Long Noncoding RNA GAS5 Accelerates Cholangiocarcinoma Progression by Regulating hsa-miR-1297
Authors Li Q, Fu L, Han L, Li S, Zhang Y, Wang J
Received 31 December 2020
Accepted for publication 26 February 2021
Published 23 March 2021 Volume 2021:13 Pages 2745—2753
Checked for plagiarism Yes
Review by Single anonymous peer review
Peer reviewer comments 2
Editor who approved publication: Dr Eileen O'Reilly
Qian Li,1,* Lei Fu,2,* Lili Han,1 Shuai Li,1 Yanling Zhang,1 Jufeng Wang1
1Department of Oncology, The Affiliated Cancer Hospital of Zhengzhou University, Henan Cancer Hospital, Zhengzhou, 450008, Henan, People’s Republic of China; 2Department of Oncology, People’s Hospital of Zhengzhou University, Henan Provincial People’s Hospital, Zhengzhou, 450003, Henan, People’s Republic of China
*These authors contributed equally to this work
Correspondence: Jufeng Wang
Department of Oncology, The Affiliated Cancer Hospital of Zhengzhou University, Henan Cancer Hospital, 127 Dongming Road, Zhengzhou, Henan, 450008, People’s Republic of China
Email [email protected]
Background: Long noncoding RNAs (lncRNAs) have been reported as important molecules in cholangiocarcinoma (CCA) occurrence and development. A previous study showed that lncRNA GAS5 (GAS5) was an oncogene in some tumors. But the role of GAS5 in CCA progression reminds unclear. This research was designed to study the expression and potential effects of GAS5 in the progression of CCA.
Methods: The expression of GAS5 in CCA tissues was evaluated through mining of the TCGA and GEPIA databases. qRT-PCR was applied to validate the results in our clinical samples. χ2 test was used to analyze the association between the expression level of tissue GAS5 and different clinicopathological parameters of CCA patients. The target gene of GAS5 was predicted by bioinformatic databases, and further verified by luciferase reporter assays. Finally, the role of GAS5 in CCA cells invasion and proliferation was detected by Transwell assay and CCK-8 assay.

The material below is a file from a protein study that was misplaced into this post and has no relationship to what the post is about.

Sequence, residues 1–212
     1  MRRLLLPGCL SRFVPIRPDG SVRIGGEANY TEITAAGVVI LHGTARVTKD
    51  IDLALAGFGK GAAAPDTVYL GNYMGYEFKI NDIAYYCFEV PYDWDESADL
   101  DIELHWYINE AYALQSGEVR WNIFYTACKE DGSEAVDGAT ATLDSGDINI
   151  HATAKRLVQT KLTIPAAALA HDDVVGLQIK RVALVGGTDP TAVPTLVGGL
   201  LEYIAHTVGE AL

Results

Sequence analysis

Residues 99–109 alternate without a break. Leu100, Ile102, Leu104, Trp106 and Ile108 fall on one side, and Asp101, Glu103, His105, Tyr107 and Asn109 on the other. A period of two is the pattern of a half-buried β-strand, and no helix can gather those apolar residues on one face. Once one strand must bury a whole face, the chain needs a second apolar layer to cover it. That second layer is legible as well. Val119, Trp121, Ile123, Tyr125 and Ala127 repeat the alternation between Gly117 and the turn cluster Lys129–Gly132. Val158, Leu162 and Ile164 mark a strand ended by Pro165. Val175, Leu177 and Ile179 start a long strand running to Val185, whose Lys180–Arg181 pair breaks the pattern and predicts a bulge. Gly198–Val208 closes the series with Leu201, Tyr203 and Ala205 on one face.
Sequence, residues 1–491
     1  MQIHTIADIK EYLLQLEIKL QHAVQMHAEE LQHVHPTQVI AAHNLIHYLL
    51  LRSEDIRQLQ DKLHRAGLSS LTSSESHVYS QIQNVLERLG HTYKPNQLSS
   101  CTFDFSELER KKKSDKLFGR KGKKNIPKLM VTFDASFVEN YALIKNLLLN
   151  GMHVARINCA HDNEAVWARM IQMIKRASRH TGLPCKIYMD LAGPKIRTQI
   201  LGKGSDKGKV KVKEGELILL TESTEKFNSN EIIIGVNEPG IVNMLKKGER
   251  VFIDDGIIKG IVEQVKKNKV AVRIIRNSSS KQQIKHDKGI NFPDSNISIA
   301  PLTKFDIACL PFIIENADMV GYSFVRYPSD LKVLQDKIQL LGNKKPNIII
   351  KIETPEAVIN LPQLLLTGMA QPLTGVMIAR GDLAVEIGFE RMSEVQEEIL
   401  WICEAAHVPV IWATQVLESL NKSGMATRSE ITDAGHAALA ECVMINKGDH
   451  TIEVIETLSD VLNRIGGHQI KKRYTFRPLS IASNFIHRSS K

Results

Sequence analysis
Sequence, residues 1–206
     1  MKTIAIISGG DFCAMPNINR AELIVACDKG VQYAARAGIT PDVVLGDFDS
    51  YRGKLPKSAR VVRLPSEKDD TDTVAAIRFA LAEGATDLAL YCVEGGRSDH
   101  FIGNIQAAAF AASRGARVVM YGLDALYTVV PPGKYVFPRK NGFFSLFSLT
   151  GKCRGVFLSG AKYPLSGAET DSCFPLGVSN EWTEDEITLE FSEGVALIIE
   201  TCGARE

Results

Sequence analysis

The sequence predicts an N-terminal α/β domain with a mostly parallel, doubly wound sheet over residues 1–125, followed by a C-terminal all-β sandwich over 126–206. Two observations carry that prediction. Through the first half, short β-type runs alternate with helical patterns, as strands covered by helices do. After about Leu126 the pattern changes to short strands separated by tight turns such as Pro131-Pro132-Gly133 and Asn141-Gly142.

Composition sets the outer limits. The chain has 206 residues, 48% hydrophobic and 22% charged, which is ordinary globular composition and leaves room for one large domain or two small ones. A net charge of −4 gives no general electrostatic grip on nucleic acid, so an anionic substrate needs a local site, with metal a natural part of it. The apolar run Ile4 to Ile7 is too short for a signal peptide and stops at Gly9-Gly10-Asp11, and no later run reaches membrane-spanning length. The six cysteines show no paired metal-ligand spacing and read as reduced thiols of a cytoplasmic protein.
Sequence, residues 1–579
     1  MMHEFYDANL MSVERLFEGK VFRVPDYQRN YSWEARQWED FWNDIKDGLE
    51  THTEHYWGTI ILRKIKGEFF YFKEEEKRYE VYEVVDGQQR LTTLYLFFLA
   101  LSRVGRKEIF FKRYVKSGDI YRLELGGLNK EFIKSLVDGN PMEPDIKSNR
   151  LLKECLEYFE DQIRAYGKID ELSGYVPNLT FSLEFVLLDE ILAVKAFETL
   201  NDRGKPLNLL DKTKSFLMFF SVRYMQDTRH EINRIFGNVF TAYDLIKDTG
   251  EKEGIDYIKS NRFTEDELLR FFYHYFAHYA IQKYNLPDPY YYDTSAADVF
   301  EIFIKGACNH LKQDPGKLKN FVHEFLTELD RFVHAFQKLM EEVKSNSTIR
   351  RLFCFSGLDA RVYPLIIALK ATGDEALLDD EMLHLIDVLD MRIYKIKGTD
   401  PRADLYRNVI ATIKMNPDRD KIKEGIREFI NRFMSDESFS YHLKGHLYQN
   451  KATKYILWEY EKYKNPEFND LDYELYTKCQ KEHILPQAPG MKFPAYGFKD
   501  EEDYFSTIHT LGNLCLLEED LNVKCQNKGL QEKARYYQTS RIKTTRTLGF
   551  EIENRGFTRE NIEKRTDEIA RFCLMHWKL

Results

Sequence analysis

Results: Compared to the adjacent nontumor tissues and the normal human intrahepatic biliary epithelial cell, the expression of GAS5 was markedly increased in CCA tissues (p< 0.001) and cell lines (p< 0.01), respectively. CCA patients with high GAS5 expression tended to present lymph node metastasis (p< 0.001) and had advanced clinical stage (p=0.006). The bioinformatics analysis predicted that hsa-miR-1297 was the potential target gene of GAS5, which was validated by luciferase reporter assays. In addition, the function study showed that GAS5 acted as a “sponge” to downregulate hsa-miR-1297, thus modulating CCA cell proliferation and invasion.
Conclusion: GAS5 acts as an endogenous sponge of hsa-miR-1297 to promote CCA cell proliferation and invasion, which might be a potential biomarker and therapeutic target for CCA.
Keywords: metastasis, GAS5, miR-1297, invasion, proliferation
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